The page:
Bill Buckner

The passing of Bill Buckner at age 69 Monday illustrated just how many news organizations thought his error in the 1986 World Series was the most notable thing about him. Buckner played 22 seasons in Major League Baseball with the Dodgers, Cubs, Red Sox, Angels, Royals and Red Sox again, recording 2,715 hits, and he impressed many with his behavior both on and off the field. But ESPN, the Associated Press and the Washington Post all decided to emphasize Buckner’s 1986 error right in the ticker, headline, and/or tweets of their coverage, and they took some criticism for that.

Look, yes, absolutely, any story about Buckner should include discussion of that error, as that became famous beyond the baseball world and even the sports world. However, it arguably wasn’t the worst mistake in that inning; Calvin Schiraldi allowed three straight singles with two outs, and replacement Bob Stanley threw a wild pitch that let the tying run score before Buckner’s error. And that error didn’t end the series; it went to a seventh game, where Buckner went two for four, but the Red Sox again blew a late (3-0 in the bottom of the sixth) lead. So a lot of the popular coverage of Buckner’s error as the decisive force in that series isn’t necessarily telling the whole story. And there have since been a whole flood of pieces emphasizing that, even one from Dan Shaughnessy of The Boston Globe, who was perhaps more responsible than anyone for the “Buckner blew it” narrative:

But whichever side you fall on on the actual impact of Buckner’s error, it’s still controversial to put that in the headline, tweet, or ticker crawl about his death. And it’s unusual; the vast majority of obituaries on athletes have headlines/tweets/ticker notices mentioning how long they played and what teams they played for, and if there is additional context about what they did, it’s usually positive (MVP awards, championships, etc). Comments about their mistakes or controversies are usually reserved for the full story. (That’s also the case with obituaries of many politicians, celebrities and so on.) And with someone like Buckner whose error became so famous, there’s also an argument that everyone already knows the negative and that putting it in the headline or tweet is an unnecessary shot at him.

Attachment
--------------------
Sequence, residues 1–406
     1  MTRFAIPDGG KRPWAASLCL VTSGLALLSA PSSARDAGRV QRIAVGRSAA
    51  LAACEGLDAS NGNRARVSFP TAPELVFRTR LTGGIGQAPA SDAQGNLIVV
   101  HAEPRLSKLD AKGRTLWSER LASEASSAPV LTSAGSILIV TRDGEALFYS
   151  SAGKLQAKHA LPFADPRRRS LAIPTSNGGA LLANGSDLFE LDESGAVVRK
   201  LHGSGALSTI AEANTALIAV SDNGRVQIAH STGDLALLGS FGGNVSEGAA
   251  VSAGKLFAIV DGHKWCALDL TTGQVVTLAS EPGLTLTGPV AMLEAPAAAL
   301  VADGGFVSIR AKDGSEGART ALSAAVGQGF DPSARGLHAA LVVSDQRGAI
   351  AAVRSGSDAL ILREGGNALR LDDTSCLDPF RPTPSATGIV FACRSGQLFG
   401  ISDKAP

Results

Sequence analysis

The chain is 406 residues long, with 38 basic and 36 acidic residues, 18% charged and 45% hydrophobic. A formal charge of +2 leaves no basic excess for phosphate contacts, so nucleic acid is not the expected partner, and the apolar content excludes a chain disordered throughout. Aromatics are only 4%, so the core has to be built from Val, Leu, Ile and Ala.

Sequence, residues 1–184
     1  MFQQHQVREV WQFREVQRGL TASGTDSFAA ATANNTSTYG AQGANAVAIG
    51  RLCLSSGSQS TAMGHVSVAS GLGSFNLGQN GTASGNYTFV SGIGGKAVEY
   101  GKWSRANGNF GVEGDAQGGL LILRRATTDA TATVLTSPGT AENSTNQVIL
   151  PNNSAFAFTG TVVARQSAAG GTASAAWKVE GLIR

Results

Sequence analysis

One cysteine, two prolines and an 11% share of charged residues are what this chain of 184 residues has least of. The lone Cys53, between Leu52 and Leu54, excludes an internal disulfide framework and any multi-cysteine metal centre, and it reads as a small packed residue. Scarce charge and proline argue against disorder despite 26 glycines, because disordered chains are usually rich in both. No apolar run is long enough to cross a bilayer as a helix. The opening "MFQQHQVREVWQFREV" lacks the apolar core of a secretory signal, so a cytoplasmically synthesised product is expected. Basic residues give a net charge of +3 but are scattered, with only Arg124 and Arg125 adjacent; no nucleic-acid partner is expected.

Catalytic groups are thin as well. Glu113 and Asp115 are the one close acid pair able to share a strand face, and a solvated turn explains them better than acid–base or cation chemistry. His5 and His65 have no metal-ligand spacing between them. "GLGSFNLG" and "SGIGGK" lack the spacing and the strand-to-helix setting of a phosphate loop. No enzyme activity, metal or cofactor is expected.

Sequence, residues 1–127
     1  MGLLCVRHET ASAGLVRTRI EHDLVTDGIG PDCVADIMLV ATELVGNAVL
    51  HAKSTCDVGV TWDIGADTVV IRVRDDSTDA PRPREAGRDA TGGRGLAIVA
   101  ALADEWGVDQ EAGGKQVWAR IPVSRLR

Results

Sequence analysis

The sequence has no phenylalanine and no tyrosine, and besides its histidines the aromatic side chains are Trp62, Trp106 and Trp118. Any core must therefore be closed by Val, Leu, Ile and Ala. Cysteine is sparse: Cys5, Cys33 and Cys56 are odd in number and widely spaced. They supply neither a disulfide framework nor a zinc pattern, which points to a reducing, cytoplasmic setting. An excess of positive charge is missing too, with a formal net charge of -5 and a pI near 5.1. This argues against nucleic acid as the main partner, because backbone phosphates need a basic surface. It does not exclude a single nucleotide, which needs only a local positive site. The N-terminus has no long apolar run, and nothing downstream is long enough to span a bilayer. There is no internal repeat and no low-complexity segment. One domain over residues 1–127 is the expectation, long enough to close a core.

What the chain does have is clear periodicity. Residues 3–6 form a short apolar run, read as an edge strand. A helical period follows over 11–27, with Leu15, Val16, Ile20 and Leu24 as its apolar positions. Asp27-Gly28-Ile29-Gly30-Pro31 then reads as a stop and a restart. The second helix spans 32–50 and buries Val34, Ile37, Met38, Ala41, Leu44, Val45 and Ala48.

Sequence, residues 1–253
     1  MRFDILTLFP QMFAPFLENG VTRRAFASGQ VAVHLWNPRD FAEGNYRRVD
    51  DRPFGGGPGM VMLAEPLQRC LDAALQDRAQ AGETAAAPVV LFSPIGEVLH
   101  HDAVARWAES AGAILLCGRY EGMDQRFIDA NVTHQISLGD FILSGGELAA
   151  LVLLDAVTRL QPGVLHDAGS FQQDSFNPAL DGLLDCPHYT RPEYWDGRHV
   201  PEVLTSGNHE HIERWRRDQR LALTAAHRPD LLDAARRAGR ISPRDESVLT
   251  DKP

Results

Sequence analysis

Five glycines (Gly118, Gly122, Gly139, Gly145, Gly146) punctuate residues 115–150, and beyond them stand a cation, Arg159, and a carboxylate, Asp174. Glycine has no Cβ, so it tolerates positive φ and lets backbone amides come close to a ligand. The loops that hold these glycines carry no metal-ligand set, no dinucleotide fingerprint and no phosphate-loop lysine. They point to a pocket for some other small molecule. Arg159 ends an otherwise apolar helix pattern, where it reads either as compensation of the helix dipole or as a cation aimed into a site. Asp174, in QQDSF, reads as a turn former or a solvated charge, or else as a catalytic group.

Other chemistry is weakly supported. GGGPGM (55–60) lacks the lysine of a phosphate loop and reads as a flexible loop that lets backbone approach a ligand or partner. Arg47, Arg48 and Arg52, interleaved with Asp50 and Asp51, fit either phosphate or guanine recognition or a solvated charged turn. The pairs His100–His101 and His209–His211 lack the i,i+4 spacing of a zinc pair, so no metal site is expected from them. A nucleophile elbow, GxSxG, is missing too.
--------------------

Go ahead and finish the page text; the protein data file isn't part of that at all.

This is a larger challenge with obituaries, of course; it’s extremely hard to sum up a life in a full article, much less a headline or tweet. And there have been criticisms the other way as well, especially with obituaries of controversial politicians that have headlines or tweets that don’t reference the controversies they were involved in. And there is an argument from a news standpoint that the Buckner error is what he’s most prominently known for, whether that’s fair or not. But putting that error into tweets and headlines is going to draw some backlash, as this did for ESPN, the WaPo and the AP. And it’s certainly notable that three such prominent media organizations all made that same call.

[Buckner photo from Craig Johnson on Wikipedia]

About Andrew Bucholtz

Andrew Bucholtz is a staff writer for Awful Announcing.